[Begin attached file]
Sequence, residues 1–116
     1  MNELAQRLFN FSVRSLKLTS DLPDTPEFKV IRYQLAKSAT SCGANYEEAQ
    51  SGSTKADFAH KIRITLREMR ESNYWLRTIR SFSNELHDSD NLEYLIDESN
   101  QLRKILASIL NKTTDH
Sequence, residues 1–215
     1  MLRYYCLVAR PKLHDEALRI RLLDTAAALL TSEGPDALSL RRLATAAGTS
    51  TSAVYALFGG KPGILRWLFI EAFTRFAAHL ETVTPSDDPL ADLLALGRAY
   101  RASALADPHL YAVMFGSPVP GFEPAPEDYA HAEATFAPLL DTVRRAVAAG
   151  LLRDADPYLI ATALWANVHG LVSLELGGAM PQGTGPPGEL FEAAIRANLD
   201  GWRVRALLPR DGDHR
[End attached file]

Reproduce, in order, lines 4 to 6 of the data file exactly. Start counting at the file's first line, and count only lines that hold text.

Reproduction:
   101  QLRKILASIL NKTTDH
Sequence, residues 1–215
     1  MLRYYCLVAR PKLHDEALRI RLLDTAAALL TSEGPDALSL RRLATAAGTS